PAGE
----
“Seen ’em, too,” answered Lander, comprehensively.
“Well, that a’n’t Claxon’s complaint exactly. He a’n’t a do-nothin’; he’s a do-everything. I guess it’s about as bad.” Lander glimmered back at the man, but did not speak.
“Kind of a machinist down at the Mills, where he come from,” the farmer began again, and Mrs. Lander, eager not to be left out of the affair for a moment, interrupted:
“Yes, Yes! That’s what the gul said.”
“But he don’t seem to think’t the i’on agreed with him, and now he’s goin’ in for wood. Well, he did have a kind of a foot-powa tu’nin’ lathe, and tuned all sots o’ things; cups, and bowls, and u’ns for fence-posts, and vases, and sleeve-buttons and little knick-knacks; but the place bunt down, here, a while back, and he’s been huntin’ round for wood, the whole winta long, to make canes out of for the summa-folks. Seems to think that the smell o’ the wood, whether it’s green or it’s dry, is goin’ to cure him, and he can’t git too much of it.”
“Well, I believe it’s so, Albe’t!” cried Mrs. Lander, as if her husband had disputed the theory with his taciturn back. He made no other sign of controversy, and the man in the hay-field went on.
“I hea’ he’s goin’ to put up a wind mill, back in an open place he’s got, and use the powa for tu’nin’, if he eva gits it up. But he don’t seem to be in any great of a hurry, and they scrape along somehow. Wife takes in sewin’ and the girl wo’ked at the Middlemount House last season. Whole fam’ly’s got to tu’n in and help s’po’t a man that can do everything.”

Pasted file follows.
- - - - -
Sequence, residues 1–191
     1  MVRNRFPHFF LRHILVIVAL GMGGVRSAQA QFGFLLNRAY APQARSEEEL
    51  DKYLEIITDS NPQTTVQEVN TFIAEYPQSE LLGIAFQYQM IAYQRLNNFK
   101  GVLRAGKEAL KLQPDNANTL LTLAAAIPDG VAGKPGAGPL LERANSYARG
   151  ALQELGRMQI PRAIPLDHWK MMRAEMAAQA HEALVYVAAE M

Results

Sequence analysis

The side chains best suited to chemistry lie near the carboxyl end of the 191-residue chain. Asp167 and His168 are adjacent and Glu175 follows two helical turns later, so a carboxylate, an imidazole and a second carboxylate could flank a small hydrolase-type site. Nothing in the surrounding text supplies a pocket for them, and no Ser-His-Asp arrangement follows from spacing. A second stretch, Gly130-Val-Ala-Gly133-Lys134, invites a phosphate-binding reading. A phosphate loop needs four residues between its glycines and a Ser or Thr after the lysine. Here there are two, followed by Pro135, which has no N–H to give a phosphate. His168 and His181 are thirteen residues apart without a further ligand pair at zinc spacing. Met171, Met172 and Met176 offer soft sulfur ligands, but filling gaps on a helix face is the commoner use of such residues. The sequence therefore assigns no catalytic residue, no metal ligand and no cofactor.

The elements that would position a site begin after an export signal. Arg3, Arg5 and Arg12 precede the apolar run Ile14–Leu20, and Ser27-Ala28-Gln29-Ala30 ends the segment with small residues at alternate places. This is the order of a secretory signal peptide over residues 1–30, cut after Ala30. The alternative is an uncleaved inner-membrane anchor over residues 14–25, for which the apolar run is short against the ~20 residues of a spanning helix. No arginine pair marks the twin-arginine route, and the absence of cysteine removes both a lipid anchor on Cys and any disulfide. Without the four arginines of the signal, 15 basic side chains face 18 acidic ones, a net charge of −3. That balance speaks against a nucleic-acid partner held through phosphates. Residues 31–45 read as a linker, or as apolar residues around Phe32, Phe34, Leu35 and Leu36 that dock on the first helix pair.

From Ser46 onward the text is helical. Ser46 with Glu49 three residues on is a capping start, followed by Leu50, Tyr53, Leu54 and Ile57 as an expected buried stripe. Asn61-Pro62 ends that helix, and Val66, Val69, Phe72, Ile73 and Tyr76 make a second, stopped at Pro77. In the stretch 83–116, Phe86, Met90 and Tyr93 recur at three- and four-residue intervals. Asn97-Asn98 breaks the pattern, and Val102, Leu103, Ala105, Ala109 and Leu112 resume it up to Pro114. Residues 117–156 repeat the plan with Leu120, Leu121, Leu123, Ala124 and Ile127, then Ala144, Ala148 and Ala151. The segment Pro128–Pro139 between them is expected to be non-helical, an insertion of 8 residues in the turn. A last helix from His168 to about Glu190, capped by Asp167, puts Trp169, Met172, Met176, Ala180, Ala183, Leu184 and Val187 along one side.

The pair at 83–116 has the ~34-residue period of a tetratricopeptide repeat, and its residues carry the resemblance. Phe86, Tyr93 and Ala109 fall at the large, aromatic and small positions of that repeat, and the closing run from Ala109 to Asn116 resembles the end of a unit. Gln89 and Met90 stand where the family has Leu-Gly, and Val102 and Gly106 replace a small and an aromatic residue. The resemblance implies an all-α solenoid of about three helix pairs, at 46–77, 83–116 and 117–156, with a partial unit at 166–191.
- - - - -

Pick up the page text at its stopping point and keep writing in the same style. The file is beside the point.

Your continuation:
The farmer appealed with another humorous cast of his eye to Lander; but the old man tacitly refused to take any further part in the talk, which began to flourish apace, in question and answer, between his wife and the man in the hay-field. It seemed that the children had all inherited the father’s smartness. The oldest boy could beat the nation at figures, and one of the young ones could draw anything you had a mind to. They were all clear up in their classes at school, and yet you might say they almost ran wild, between times. The oldest girl was a pretty-behaved little thing, but the man in the hay-field guessed there was not very much to her, compared with some of the boys. Any rate, she had not the name of being so smart at school. Good little thing, too, and kind of mothered the young ones.
Mrs. Lander, when she had wrung the last drop of information out of him, let him crawl back to his work, mentally flaccid, and let her husband drive on, but under a fire of conjecture and asseveration that was scarcely intermitted till they reached their hotel. That night she talked along time about their afternoon’s adventure before she allowed him to go to sleep. She said she must certainly see the child again; that they must drive down there in the morning, and ask her all about herself.
“Albe’t,” she concluded; “I wish we had her to live with us. Yes, I do! I wonder if we could get her to. You know I always did want to adopt a baby.”